Similarly, the Buckeyes found success by changing up the scheme in the second half. In addition to a consistent diet of five and six-man blitzes, Indiana found success early by slanting and stunting the defensive line, keeping the Buckeyes from getting blockers to the linebackers who then, in turn, were free to make tackles.

One way to counter such an approach is to not block the middle linebacker at all and let the back read him. Such is the idea behind the Duo run concept. Though it looks like a typical tight zone run, the center never looks to get upfield to the MIKE linebacker, leaving the back to hit the gap opposite the one said linebacker fills. 

Ohio State runs the Duo concept

While this concept is less successful with big, powerful backs that only run straight ahead, it's a perfect complement for teams that lean heavily on zone runs and have shifty backs that can change direction on a dime like the Buckeyes.

All these inconsistencies were masked by a passing game that, as mentioned, flourished against Indiana. Haskins came within just a few yards of setting the school record for passing yards in a single game, throwing six touchdowns in the process.

But as anyone who watched the game knows, those touchdowns were marred by a pair of costly interceptions that came as the quarterback was hit while throwing. The first came on a well-designed, delayed blitz that came from the far hash.

A delayed blitz creates an interception

As the right tackle Isaiah Prince works with Knox to handle a stunt to their side, they don't see the late-arriving blitzer. Though Haskins tries to step up in the pocket, the downfield play left him with no options to get rid of the ball right away as he waited for the crossing route to finally spring open. By the time he could throw, the defender had already arrived.

Haskins' second interception came due to another error up front. This time, the Hoosiers don't bring any additional rushers and only twist the interior tackles, creating pressure that should easily be handled by the Buckeyes' front five.

Munford gives up the inside spin move

But Munford gets beat on an inside spin move that Haskins doesn't expect, allowing the ball to float out of his hand and directly into those of a Hoosier defensive back as he's hit.

Though these two failures in protection may have been the headline for many fans, the OSU pass protection was largely successful otherwise. While the Hoosiers continued to blitz consistently throughout the game, the Buckeyes only gave up one sack on the afternoon, allowing Haskins the time to distribute the ball to his athletic receiving crew.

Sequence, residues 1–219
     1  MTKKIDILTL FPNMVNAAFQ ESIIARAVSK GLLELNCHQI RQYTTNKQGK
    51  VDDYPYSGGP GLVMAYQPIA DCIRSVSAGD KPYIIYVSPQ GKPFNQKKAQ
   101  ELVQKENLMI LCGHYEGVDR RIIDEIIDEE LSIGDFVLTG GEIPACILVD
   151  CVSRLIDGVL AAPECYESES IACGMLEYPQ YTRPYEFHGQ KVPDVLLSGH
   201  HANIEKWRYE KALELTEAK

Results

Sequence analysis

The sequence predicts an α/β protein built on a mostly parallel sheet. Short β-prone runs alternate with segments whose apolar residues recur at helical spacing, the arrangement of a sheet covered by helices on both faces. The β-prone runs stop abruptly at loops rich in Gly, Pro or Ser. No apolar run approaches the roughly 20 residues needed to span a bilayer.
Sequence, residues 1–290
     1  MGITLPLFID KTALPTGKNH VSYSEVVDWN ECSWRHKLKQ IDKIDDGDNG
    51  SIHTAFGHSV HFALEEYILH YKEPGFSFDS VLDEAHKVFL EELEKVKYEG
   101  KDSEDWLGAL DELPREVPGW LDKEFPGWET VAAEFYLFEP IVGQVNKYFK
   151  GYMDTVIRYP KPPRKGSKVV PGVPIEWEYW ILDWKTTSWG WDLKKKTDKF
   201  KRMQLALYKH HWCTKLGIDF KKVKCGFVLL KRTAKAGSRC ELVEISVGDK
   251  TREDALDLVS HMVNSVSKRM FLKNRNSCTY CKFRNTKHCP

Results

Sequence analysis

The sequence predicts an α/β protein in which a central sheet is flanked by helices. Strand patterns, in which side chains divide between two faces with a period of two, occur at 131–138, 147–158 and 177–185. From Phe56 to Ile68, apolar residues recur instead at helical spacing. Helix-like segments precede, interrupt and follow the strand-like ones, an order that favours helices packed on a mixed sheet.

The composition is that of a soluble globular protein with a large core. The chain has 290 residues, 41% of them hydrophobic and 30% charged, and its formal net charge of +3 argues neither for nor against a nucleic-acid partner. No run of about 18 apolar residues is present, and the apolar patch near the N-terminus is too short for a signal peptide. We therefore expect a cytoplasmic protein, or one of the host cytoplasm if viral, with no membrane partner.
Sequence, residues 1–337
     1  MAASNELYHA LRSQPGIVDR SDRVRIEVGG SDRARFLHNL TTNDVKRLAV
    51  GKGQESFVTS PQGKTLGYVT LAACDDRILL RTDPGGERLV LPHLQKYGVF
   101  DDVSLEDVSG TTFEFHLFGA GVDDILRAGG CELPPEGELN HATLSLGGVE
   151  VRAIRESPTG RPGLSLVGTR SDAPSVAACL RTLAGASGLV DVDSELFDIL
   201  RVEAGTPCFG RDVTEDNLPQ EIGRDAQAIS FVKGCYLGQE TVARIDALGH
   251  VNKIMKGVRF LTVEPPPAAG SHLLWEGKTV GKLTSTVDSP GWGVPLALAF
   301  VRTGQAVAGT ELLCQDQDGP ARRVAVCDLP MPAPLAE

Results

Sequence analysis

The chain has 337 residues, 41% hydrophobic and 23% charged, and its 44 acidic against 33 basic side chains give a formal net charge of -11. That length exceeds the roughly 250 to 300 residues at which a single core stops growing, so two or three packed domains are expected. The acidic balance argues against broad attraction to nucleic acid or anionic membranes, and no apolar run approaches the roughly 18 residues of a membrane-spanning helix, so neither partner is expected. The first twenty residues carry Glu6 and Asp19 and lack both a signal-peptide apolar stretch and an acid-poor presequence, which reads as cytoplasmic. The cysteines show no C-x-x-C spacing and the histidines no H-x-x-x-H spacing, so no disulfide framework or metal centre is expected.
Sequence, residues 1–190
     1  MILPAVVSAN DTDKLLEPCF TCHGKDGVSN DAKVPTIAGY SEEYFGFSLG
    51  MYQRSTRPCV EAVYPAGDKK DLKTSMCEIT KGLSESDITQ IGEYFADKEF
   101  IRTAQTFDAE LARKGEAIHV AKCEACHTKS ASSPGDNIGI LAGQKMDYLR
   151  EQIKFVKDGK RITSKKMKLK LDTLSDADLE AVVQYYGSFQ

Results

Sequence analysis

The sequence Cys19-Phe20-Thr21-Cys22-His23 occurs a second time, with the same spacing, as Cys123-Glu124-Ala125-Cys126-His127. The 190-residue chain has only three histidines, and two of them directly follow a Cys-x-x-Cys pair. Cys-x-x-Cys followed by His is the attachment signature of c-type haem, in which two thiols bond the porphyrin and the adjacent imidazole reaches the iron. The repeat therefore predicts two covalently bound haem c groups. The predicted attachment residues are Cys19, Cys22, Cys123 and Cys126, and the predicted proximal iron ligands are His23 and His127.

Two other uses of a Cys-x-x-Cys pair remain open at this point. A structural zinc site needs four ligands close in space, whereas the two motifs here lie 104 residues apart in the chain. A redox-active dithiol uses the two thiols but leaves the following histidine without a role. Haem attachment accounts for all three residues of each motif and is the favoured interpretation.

"They were sending in some different types of blitzes. We wanted to get the ball out of Dwayne’s hands a little quicker," wide receiver Terry McLaurin told reporters afterward. "We had a good game plan coming in. We hit a lot of the routes we practiced all week against the coverages we wanted to see. We did a good job adjusting on the fly even after two tough picks."

Those coverages were often three-deep, three-under zones that left plenty of open grass underneath, freeing up the same Mesh concept that tore up the Hoosiers in Bloomington the year prior.

Munford picks up the blitz on Mesh

Though they struggled to handle pressure in the run game, the offensive line handled the barrage of blitzes well when protecting the passer, successfully passing off oncoming rushers to one another with seeming ease. Perhaps no example showed this execution finer than Haskins' final touchdown toss of the evening, a 30-yard strike to Binjimen Victor down the sideline.

Ohio State handles the blitz, creating a big play

The Hoosiers brought five rushers on the play, looking to loop an end around to the opposite side following an initial blitz from the outside linebacker. With the help of Weber, who picked up the blitz easily in this six-man protection scheme, Haskins had a perfectly clean pocket from which to throw.

Ohio State's six man protection

While an offense that can shower down pass after pass may be more aesthetically pleasing than the one that grinds opponents into dust through an efficient running game, the reality is at some point, the Buckeyes must find more consistency on the ground if they hope to achieve their championship dreams.

Though the Buckeyes have passed some stiff tests in the form of TCU and Penn State, the Hoosiers may have left a blueprint for other stout run defenses like Minnesota, Michigan State, and Michigan to follow with an onslaught of slants, twists, and blitzes, making Urban Meyer's offense one-dimensional. Just probably not in the way many of us expected.